Katihar is a district of Bihar cradled by the Mahananda, Kosi & the most revered river of India, the Ganga. Mostly dependent on agriculture, the farmers of Katihar are inundated regularly by the very waters, which sustain them. In this interview, Reena speaks of the implications of living in flooded villages, and how she made a difference to the lives of over 250 people from 3 villages.
Motolla, in Basghara village had been submerged for almost a month, when one of Reena's colleagues from Jan Jagran Sakti Sangathan mentioned he would be going there. Keen to know more, Reena decided to go along. They travelled for over two days to find a dismal situation. The entire village was wading through water to get anywhere. The children, the cattle, all suffered alike. The food and fodder available was meager. Snakes and scorpions had been washed out of their havens into the people's homes. Appalled at the misery, Reena began asking questions. The villagers answered all her questions with the inevitable monotony that comes with misery.
"It's the same story everywhere I go. The poor suffer because they either don't know how to appeal for aid, or whom to appeal to for aid. And in the meantime, despite knowing full well about the reality, administrative officers don't act unless pushed to. It was the same for Chitoria Panchayat. The Sarpanch knew that the people were wading through water. The Block Development Officer (BDO) had apparently visited the village as well. But, no relief came for the villagers. I knew I had to at least try and help them, so I pulled out my camera and started filming."
Soon after filming the interviews, Reena first took the footage to the BDO. He categorically denied any association with this issue, and instead suggested she approach the Circle Officer.
"I went alone to the Circle Officer. When I started rattling off details— where, since when, why, how many people were suffering, and what they needed aid with— the CO was very intrigued. He asked me what I do. I then showed him footage on my camera and told him I'm a Community Correspondent. He promised me that he would ensure aid reached these people in a month. It took 20 days. 250 villagers from 3 villages received 50 kg of rice, 50 kg of wheat, and INR 1500 as the first installment of relief."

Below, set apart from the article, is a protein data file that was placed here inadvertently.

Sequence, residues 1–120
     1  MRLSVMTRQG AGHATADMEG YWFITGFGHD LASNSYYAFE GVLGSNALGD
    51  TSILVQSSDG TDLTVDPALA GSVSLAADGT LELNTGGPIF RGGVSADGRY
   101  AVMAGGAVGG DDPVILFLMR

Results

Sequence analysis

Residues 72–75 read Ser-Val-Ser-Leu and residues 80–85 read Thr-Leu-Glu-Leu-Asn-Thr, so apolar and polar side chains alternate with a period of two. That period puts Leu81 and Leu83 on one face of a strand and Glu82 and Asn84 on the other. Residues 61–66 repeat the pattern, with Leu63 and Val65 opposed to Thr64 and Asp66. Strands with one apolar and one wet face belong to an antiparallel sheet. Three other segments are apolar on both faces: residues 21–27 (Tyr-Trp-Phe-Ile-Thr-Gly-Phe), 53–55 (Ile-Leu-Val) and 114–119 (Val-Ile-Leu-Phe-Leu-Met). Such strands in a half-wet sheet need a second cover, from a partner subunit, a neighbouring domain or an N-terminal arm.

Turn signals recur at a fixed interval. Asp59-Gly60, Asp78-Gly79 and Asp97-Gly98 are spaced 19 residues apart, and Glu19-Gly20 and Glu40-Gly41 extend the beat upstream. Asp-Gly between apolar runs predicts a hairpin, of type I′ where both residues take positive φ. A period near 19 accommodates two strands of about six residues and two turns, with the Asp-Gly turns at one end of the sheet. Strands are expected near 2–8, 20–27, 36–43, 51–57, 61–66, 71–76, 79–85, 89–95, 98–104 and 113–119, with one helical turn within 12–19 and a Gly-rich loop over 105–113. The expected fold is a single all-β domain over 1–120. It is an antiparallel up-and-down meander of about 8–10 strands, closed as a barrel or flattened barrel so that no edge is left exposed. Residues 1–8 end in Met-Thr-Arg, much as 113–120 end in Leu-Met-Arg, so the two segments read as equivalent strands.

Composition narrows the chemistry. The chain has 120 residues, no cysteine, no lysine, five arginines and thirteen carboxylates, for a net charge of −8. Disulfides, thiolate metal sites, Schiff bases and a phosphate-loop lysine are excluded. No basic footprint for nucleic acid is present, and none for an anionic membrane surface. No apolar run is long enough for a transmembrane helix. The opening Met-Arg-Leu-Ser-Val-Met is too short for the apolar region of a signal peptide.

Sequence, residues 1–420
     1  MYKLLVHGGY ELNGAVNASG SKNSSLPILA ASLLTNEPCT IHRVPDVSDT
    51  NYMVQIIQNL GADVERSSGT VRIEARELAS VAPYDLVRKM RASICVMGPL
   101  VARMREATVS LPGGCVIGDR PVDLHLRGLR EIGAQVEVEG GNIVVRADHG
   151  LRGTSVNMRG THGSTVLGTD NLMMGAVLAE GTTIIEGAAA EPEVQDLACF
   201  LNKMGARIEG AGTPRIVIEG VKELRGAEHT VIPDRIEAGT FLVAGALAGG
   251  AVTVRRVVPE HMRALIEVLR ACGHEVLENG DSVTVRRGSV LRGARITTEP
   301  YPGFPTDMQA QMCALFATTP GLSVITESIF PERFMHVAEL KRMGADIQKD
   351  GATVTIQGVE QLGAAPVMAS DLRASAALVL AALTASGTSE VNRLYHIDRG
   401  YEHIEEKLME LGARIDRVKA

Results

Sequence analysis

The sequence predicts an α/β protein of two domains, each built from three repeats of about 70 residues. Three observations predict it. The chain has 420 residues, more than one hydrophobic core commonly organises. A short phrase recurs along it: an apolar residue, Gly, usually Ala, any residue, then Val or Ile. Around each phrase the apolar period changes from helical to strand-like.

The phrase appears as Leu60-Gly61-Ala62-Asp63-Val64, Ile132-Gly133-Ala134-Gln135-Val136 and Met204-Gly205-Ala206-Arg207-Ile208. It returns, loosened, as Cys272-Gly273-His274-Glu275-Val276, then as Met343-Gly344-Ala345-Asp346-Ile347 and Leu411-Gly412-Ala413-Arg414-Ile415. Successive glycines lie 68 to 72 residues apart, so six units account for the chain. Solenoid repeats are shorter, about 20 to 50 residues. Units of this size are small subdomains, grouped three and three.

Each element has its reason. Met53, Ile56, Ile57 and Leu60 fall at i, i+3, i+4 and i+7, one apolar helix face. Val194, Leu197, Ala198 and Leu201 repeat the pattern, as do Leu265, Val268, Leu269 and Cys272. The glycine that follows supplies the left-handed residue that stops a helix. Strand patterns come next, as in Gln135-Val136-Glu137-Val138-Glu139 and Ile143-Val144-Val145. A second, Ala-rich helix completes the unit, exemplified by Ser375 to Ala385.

Usually reticent, Reena giggles as she describes the confusion and curiosity that consumed the villagers once she started asking them to speak on camera.
"Filming this video taught me a lot. It was tough, to be walking in water, standing in water, doing everything in water. They said I was the first person who did anything to help them. They were so skeptical about what a small, frail woman would do, when obviously, no one was willing to listen. Then, I told them how IndiaUnheard works. It took me a while, and even once I convinced them that I could at least try, they started getting shy on camera! I just interviewed them when they were in a group & I would keep showing them the footage, they liked that."
"Life has changed very much now that I am a Community Correspondent. I used to be a manual labourer, working on various MGNREGA projects commissioned by the government. Over the years, I realized that we were missing out on projects, or payments, or aid sanctioned simply because we didn't know. One can't allow ignorance to stand in the way of what is rightfully theirs. Finally, in 2011, some of us set up Jan Jagran Sakti Sangathan as a space where we would help labourers get their payments, receipts and with any paperwork. We would help them approach administration with their issues. Today, as a Community Correspondent, my focus has evolved to a larger scale, because I can record evidence. I can address larger issues."
"When I started off, I was so scared I'd break the camera. I remember the first time I played (sic) an interview back to the people. I saw their faces & lost my fear. For the first time, my people felt like they were the ones who mattered. Now I want to bring electricity to our villages, I want to light up their lives."
About the Partnership: The Poorest Areas Civil Society (PACS) Programme and Video Volunteers have come together to create the Community Correspondents Network. The videos generated by the network will be able to highlight voices from the margins, providing skills to social communicators to provide advocacy tools to community based organisations.
Interview compiled by Radhika
In this video of UPS Manwan Awoora school, Kupwara, Kashmir, the community correspondent Pir Azhar shows us that there are nine classes for 250 students, and due to lack of space, the lower primary classes are held outside in the open. Also the school has only 7 teachers.